VG Tribune

Review: Shantae and the Pirate’s Curse

August 2, 2015 / 3:13 PM

By: Matthew Gibson

I’m not a big Indie guy, having only played a handful from the Wii U eShop. And thankfully, most games were very enjoyable, especially Shovel Knight. I’ve never played a Shantae game before either. So I’m thrilled to say that the latest instalment in the franchise, Shantae and the Pirate’s Curse, holds up extremely well, both as an Indie title, and one that can go toe to toe with Shovel Knight.


After having her genie powers removed from previous events, Shantae is living the human life in Scuttle Town as the Town Guardian. However, after she has defended her town from Ammo Baron, she has her title removed since Scuttle Town was just sold… to Ammo Baron. After returning to her home, she gets trapped by her arch nemesis, Risky Boots. As it turns out, Risky wants Shantae to help her on her quest to stop the resurrection of the Pirate Master. And so begins her (or rather their) quest across the Seven Seas to remove all of the sources of the Pirate Master’s evil.

The game is full of dialogue, but I don’t feel that it is there just for the sake of dialogue. A good amount of the text is entertaining, and there’s the occasional gaming related talk from bigger characters. Every character is unique in design, and some have unique personalities, like the discouraged Bolo. And despite being the main protagonist, Shantae is bursting with character, which is very refreshing.


The gameplay itself is as unique as Shantae herself. The game isn’t played in standard levels. Instead, you can explore all six islands to your leisure. Your goal at each location is to find a specific dungeon, and defeat the boss lurking inside. In order to get there, you must traverse through the environment in a 2D style. And your weapon? Your hair will do the trick! With the press of a button, your hair will flick forward, inflicting damage on foes. You are also able to do this whilst jumping or crouching/crawling, to adapt to different enemies. Each enemy has a certain amount of health, and your hair has a set amount of damage as well, in addition to your own health. You have many items at your disposal as well, ranging from food for health, to damaging tools like the pike ball. You can use to GamePad to quickly select one of these items without pausing the game, in addition to the map. You’ll often have to meet certain requirements before the door to the island, such as gathering certain items. Scattered throughout the place are Heart Squids, which grant you an extra heart once four have been collected (sound familiar?), as well as Cacklebats that have dark magic inside of them.

The dungeons are the most fun part of Shantae and the Pirate’s Curse. A big reason for that is because of how similar it is to the famed Zelda franchise. Dungeons follow the same formula has the highly rated adventure series. Explore rooms, beat up baddies, collect an item, use said item to proceed further, and thrash the boss with your newest toy. So in short, if you’ve played a Zelda title, you know the structure. Sure, they aren’t as complex as those Link faces, but there’a an immense sense of fun whipping your hair back and forth whilst traversing these places. What’s cool is that the items, all themed around a pirate’s outfit, are always used across the game, and aren’t there for just one cool thing in the dungeon it was found or the final portion in the game. What’s more, is that they’re all assigned to one button on your controller, removing any tedious hassle of having to switch constantly, making for far more fluent gameplay.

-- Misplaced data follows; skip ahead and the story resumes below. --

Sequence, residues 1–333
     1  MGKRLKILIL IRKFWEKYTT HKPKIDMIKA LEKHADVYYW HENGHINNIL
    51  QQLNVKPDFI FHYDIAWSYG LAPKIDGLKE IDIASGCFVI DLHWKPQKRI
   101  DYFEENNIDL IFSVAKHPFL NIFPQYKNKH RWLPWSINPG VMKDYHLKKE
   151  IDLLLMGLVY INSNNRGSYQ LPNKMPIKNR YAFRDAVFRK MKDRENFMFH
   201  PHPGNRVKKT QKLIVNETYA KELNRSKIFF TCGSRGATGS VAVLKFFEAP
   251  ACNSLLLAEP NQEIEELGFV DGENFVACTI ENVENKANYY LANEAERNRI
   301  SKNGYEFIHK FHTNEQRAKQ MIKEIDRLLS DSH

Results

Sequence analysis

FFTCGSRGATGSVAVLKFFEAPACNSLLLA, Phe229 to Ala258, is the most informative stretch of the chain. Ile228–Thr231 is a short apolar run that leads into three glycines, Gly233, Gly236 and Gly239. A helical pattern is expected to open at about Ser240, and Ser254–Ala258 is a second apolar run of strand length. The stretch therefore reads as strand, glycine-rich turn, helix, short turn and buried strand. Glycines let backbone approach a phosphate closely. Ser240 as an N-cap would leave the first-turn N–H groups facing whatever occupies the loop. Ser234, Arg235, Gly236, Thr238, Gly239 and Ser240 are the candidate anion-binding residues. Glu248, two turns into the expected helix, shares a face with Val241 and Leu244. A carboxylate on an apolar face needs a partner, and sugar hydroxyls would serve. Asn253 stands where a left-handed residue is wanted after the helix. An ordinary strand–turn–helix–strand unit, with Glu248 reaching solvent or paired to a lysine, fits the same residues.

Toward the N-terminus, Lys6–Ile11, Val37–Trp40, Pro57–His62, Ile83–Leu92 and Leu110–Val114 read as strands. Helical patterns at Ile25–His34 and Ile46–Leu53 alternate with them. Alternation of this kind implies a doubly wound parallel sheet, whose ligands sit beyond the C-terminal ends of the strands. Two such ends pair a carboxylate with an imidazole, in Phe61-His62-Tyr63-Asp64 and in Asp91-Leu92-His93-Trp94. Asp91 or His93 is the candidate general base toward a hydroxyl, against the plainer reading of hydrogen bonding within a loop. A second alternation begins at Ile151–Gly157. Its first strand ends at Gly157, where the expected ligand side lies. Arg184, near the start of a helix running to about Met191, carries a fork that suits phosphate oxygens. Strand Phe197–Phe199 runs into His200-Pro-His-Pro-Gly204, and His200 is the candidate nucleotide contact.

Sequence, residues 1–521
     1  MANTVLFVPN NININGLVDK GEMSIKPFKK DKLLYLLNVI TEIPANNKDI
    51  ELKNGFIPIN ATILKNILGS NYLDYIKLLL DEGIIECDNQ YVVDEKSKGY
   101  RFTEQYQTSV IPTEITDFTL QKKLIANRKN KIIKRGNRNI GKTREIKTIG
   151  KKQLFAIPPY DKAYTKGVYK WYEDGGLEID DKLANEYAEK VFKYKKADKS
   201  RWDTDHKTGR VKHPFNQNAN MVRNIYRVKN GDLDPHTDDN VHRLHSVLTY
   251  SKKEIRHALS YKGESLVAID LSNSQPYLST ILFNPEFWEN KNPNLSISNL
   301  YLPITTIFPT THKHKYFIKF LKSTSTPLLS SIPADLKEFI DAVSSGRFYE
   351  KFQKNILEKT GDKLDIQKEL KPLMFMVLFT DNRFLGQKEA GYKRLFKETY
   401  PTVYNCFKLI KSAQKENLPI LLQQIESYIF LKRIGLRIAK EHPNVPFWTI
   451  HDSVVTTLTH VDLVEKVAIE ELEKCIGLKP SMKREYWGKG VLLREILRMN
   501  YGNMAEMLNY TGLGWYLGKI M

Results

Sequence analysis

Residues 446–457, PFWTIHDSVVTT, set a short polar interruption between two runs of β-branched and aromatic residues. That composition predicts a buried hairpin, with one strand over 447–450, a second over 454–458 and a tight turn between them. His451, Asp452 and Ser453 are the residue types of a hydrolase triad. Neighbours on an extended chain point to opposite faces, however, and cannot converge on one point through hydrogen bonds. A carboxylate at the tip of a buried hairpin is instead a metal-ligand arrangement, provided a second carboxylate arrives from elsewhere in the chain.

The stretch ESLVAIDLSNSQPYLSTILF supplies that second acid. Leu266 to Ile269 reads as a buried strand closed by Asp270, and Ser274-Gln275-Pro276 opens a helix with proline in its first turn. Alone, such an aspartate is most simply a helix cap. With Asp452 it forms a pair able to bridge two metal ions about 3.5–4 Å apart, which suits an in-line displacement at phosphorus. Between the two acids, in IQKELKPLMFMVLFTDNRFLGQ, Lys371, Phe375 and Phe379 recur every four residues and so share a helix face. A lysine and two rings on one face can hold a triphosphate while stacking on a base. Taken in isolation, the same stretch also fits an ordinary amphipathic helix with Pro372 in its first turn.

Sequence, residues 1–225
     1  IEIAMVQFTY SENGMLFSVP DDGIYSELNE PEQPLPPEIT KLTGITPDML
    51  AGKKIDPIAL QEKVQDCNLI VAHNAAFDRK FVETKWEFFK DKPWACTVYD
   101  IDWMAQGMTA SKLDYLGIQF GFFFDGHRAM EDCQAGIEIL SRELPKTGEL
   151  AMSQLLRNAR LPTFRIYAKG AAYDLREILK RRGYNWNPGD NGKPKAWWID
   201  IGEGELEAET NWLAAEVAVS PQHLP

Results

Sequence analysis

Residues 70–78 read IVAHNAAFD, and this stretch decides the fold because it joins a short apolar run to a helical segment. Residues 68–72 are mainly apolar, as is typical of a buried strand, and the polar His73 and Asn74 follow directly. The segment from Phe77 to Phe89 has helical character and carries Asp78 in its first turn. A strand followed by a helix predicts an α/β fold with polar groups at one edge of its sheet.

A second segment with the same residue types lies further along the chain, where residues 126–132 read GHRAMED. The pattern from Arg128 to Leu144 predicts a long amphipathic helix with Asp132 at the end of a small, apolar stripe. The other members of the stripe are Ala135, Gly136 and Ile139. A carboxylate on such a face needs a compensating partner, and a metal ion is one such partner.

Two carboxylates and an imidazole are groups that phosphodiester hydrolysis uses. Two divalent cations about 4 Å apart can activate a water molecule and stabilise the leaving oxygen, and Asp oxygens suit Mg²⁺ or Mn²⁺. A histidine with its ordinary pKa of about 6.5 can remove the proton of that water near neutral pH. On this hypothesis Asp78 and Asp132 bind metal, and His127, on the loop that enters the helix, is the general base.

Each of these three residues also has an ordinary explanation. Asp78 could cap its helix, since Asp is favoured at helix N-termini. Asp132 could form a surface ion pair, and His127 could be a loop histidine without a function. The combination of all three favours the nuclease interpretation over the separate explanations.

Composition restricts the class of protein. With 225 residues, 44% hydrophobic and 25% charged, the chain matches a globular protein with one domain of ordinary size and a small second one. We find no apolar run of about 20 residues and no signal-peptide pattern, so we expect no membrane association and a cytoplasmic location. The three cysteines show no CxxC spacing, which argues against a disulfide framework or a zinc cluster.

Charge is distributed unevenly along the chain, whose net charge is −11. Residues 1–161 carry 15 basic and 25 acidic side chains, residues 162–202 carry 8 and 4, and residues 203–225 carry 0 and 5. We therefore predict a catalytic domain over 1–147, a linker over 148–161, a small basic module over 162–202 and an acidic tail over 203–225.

The looks for this game are pretty great. There’s this weird retro vibe to it, which has been accomplished thanks to its pixelated aesthetic. But it is far from ugly, since the backdrops are beautifully drawn, though the character sprites can be a bit inexpressive, and even in tense scenes, Shantae keeps on dancing in her idle pose (although it is still cool). What I can say, is that the character portraits are very well done. Every character has a unique design to them, and all are very well expressive. These come up with conversations with more important characters, and can be quite nice just to look at.


Awesome. Just awesome. The soundtrack has this weird but awesome mix between a pop style and an Arabic theme. Most are pretty catchy, from the overworld of Saliva Island to the village of Scuttle Town. But the boss theme takes the cake (or lamp in Shantae’s case) for me.



If there is any Indie game I would introduce to someone, it would be this. Shantae and the Pirate’s Curse is a perfect example of how Indie games can have the same amount of creativity and entertainment as your typical Nintendo first-party game. Yes, it can be a bit short, given that it can take about 10 hours to 100% the game, which is a bit annoying when it is more expensive than your normal eShop title. However, it is worth the price, and is potentially one of the leaders for the growth of Indie games. With great gameplay, nice visuals, and an OUTSTANDING OST, this is an experience you do not want to miss! And it is for that reason I am awarding Shantae and the Pirate’s Curse, a 9/10.


I purchased the Wii U version of the game, and is about £15. However, thanks to the Summer Indie Sale a couple weeks back, it only cost me £6! So if you see any deal for this game, do not hesitate!

Shantae and the Pirate's Curse


Final Thoughts


About the author /

Like many other game writers, Matthew was brought into the gaming world from a young age. He aspires to be a games journalist in the future. Oh, and he's from the UK, so there's that. He also does Nintendo Podcast System, just in case there isn't enough Nintendo on this site.

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